The Bridge of Alvah

As a child, the task of walking to the 18th century Bridge of Alvah, near Banff in Aberdeenshire, was presented as something akin to travelling to Mordor: a journey of such length and difficulty as to render it impossible to your average mortal.

top of bridge

The walk from Duff House (a place with easy parking, swings, art gallery, tearoom and gift shop) to Alvah is actually comprised of just over two miles of well maintained track.

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The other fact about Alvah recalled from childhood is that it is a place of great natural beauty. That is true.

River Deveron

The bridge stands huge and majestic – it is a bit ‘Lord of the Rings’ after all – over a deep gorge and the River Deveron.

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I was most intrigued by the Gothic window (visible in first and last pics) and the many little hooks, just about discernible below.

side of the bridge

Googling revealed that there was a room for a toll collector within the bridge. This explains the window, though how a person got in there is not so clear. Either the door has been sealed or there was something Rapunzel-like going on. Local legend has it that the room was used by the (married) Earl to entertain young ladies so perhaps it was kept semi-secret. The hooks remain a mystery.

In summary: go visit the Bridge of Alvah; it’s well worth the two mile trek. Not an Orc in sight!

bridge from below

See the post about the Mausoleum for more on the grounds of Duff House.

Update: we revisited the bridge in Autumn and were given access the Earl’s secret room/love nest.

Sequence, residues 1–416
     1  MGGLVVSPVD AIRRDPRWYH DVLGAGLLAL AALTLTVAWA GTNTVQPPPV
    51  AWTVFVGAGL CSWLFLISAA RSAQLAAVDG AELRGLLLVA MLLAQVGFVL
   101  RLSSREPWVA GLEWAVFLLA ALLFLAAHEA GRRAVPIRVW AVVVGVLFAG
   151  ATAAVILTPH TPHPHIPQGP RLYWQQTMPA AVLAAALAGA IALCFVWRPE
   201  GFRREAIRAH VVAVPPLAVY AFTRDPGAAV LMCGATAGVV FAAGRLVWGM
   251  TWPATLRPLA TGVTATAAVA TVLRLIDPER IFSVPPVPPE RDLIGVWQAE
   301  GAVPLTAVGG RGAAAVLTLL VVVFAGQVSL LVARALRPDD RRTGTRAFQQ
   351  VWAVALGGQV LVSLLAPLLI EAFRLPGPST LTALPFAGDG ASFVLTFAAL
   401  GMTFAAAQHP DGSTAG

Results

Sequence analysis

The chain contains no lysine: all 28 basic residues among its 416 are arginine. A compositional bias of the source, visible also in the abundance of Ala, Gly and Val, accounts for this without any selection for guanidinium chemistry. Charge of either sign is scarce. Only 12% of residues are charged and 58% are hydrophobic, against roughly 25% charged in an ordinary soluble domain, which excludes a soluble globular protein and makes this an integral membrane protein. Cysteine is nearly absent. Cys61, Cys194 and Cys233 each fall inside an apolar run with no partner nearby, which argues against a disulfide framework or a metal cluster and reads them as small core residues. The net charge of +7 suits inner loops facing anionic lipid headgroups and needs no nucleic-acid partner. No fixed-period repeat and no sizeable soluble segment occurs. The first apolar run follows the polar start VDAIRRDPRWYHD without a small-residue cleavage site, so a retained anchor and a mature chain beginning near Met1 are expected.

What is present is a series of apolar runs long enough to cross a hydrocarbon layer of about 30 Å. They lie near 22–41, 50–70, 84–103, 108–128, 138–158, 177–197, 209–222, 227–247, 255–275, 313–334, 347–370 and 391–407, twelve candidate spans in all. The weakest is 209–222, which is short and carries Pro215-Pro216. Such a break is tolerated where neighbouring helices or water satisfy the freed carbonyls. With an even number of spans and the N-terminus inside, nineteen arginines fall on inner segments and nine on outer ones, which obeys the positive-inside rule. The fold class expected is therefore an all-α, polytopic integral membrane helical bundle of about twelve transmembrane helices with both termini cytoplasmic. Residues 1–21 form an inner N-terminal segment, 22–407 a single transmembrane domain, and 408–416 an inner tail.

It’s beautiful.

earlsroom (540x540)
earlsroom2
The Mermaid and the Bear

Set in a fictional castle in Aberdeenshire, Ailish Sinclair’s debut novel, THE MERMAID AND THE BEAR, features an often overlooked event in history, the 1597 Aberdeen witchcraft panic, and a love story.

Amazon UK

Amazon worldwide

Waterstones

Gight Castle and the Hagberry Pot, Aberdeenshire

Gight Castle may be one of the lesser known castles of Aberdeenshire but it has a rich, if somewhat bleak, history with many of its owners dying prematurely. Built in the 15th century by the Gordon family, it was the ancestral home of Lord Byron. A ghostly piper is said to haunt the ruins. The nearby Hagberry Pot in the River Ythan is said to be bottomless and full of treasure!

Originally posted 2018.

The quines took a walk. We started in Methlick and strolled through the Braes of Gight woods, across fields and along roads. This was the long way to do it: there is a car park relatively near to the castle. First view:

Gight Castle through the trees

The castle was surrounded by barbed wire and there were ‘enter at your own risk’ signs. In we went:

interior of Gight Castle

Great windows:

window, Gight Castle
small window, Gight Castle

We were careful not to wake Sleeping Beauty. Or the ghostly piper.

ivy on Gight Castle

I was most impressed by this brave little tree:

tree on Gight Castle

Then, taking the circular route, we headed off down to the river and tried to work out which bit was the Hagberry Pot. Nowhere looked very bottomless or a good hiding place for jewels, but this seemed the most likely site by the bridge: